which inhalant anesthetic gas undergoes the most rapid induction and recovery?
Isoflurane.
Place the following in order form lowest to highest MAC (min alveolar concentration): Isoflurane, Methoxyflurane, Halothane, Sevoflurane
Methoxyflurane, halothane, sevoflurane, isoflurane
which of the inhalant anesthetic agents is the most potent?
Methoxyflurane
which inhalation anesthetic agent is associated with sensitizing the heart to epinephrine induced arrhythmias and malignany hyperthermia?
Halothane
which twoinhalation anesthetics have the fewest adverse side effects on the heart and other vital systems?
isoflurane and sevoflurane
Which inhalation anesthetic requires tne least metabolism by the liver?
Isoflurane.
which inhalation anesthetic requires the most metabolism by the liver?
methoxyflurane
which inhalation anesthetic produces a significant analgesic effect?
methoxyflurane.
which inhalation anesthetic produces muscle relaxation?
isoflurane
What is the disadvantage of an inhalation anesthetic with a high rubber solubility coefficient?
Anesthetic gets stuck in the tubing, and therefor the patient isn't getting all anesthetic it needs, and once done, anesthetic continues to be released from the rubber and into the room.
why is enflurane not commonly used in veterinary medicine?
because it causes profound respiratory depression and muscle hyperactivity.
why is desflurane not commonly used in veterinary medicine?
because it is very expensive.
What is doxapram
a respiratory stimulant.
why is nitrous oxide not useful as a sole anesthetic agent in dogs and cats?
it cannot attain a surgical plane alone.
why does the risk of hypoxia increase when nitrous oxide is used in a protocol for inhalation anesthesia?
it limits the amount of oxygen delivered to the patient.
why can diffusion hypoxia occur during recovery when nitrous oxide is used in protocol for inhalation anesthesia?
N2O2 rapidly diffuses from body displacing O2 in alveoli.
what do we mean when we say that a drug should be titrated to effect?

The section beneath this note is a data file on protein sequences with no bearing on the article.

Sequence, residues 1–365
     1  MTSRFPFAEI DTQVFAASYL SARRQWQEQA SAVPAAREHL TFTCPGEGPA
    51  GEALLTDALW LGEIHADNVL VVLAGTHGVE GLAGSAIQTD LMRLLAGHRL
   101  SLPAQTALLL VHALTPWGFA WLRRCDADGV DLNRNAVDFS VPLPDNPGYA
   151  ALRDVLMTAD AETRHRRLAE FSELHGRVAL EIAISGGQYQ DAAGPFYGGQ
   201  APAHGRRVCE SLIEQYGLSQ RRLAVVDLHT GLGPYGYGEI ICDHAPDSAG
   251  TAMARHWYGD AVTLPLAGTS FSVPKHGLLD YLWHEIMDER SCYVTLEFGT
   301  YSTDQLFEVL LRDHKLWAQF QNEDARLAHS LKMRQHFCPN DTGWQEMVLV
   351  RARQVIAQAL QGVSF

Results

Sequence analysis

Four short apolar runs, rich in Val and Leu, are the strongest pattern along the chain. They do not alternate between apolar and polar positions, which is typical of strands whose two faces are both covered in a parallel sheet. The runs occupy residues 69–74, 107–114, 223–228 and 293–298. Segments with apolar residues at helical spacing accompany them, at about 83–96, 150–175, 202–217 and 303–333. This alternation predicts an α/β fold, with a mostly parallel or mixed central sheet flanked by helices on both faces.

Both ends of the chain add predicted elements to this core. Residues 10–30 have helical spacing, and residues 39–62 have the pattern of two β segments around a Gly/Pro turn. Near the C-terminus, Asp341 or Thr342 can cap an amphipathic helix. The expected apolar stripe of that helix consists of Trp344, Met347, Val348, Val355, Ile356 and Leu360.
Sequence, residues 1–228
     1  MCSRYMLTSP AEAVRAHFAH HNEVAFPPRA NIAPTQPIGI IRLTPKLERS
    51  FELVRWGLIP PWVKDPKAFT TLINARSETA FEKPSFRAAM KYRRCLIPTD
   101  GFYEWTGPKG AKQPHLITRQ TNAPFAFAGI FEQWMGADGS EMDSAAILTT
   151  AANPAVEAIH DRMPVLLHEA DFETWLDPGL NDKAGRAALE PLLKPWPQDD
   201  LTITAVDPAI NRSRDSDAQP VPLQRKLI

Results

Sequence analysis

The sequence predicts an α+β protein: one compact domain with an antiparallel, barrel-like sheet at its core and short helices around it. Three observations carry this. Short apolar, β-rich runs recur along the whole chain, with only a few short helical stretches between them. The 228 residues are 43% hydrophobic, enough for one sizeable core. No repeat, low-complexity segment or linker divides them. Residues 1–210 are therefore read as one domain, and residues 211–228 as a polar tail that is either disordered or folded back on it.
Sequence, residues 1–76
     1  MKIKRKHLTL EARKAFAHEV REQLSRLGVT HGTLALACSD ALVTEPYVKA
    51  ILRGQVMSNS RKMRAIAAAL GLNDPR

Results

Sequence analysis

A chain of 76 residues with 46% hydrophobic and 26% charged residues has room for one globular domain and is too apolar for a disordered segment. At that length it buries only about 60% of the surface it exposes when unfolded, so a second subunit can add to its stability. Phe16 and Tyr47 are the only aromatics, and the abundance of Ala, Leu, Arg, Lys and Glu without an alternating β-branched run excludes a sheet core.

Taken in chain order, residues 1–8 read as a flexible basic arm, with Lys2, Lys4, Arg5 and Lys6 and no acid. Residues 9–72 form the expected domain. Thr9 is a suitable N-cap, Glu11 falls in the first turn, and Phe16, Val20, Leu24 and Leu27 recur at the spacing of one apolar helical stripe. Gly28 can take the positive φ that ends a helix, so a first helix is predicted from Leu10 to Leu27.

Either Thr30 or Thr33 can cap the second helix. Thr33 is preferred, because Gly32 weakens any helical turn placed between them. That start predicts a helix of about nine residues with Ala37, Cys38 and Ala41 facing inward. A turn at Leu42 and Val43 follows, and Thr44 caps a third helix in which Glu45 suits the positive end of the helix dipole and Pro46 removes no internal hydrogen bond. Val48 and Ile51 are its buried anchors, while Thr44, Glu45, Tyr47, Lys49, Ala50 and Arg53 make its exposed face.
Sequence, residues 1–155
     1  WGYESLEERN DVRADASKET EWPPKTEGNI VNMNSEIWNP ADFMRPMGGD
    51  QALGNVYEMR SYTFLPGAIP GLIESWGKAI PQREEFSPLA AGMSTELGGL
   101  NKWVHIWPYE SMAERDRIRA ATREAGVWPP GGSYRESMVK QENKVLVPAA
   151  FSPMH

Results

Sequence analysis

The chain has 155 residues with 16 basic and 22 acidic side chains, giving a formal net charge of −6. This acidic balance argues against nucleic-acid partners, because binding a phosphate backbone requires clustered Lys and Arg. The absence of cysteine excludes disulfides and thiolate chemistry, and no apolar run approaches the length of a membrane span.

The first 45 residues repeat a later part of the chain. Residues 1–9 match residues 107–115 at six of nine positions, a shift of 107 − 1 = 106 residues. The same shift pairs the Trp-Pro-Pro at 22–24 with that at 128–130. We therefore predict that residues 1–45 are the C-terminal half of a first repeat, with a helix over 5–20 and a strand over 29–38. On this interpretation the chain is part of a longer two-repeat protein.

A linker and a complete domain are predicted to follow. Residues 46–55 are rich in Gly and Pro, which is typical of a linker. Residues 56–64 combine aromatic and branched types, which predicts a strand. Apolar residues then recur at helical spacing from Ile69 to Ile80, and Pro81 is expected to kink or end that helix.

use a small amount until desired effect is acheived.
Why are sedatives commonly used as preanesthetic drugs?
smoother induction and recovery and allows a smaller dose of induction agent.
what stage and plane ofgeneral anesthesia provides a medium depth of anesthesia suitable for surgery?
Stage 3 Plane 2
What stage and plane of general anesthesia provides a light depth of anesthesia suitable for endotracheal intubation?
Stage 3 Plane 1
what two things can be done to minimize Stage 2 of general anesthesia?
use preanesthetic drugs and rapid induction rates
Why do we want to minimize stage 2 of general anesthesia?
because there is an excitement period where irregular breathing and exaggerated reflexes occur.
At what stage and plane of general anesthesia is eyeball position ventral, pupils normal to partially constricted and PLR normal to mildly decreased?
Stage 3 plane 1
at what stage and plane of general anesthesia is eyeball position ventral (sometimes central), pupils slightly dilated and PLR sluggish?
Stage 3 Plane 2
At what stage and plane of general anesthesia is there grave danger of erspiratory and cardiac arrest?
Stage 3 Plane 4
What anesthetic agent is sometimes squirtedinto the mouth of vicious cats?
Ketamine (Telazol)
what is one adbantage of inducing a patient with an inhalation agent administered via a mask versus via an injectable agent?
its good with fast acting inhalants
what is one disadvantage of inducing a patient with an inhalation agent administered via a mask versus induction via an injectable agent?
significant operating room pollution
what is one advantage of inducing a patient with an inhalation agent administered via an induction chamber versus an injectable agent?
can do on animals that are hard to handle.
What is one disadvantage of inducing a patient with an inhalation agent administered via an induction chamber versus an injectable agent?
it can only be done on smaller animals.
what are three advantages to endotracheal intubation for general anesthesia?
efficient delivery of gas to animal, reduce risk of aspiration and improves efficiency of respiration by decreasing dead space.
what are three disadvantages to endotracheal intubation for general anesthesia?
Stimulates the vagus nerve, it can be hard to intubate brachycephalic animals and it can damage and larynx, pharynx and soft palate.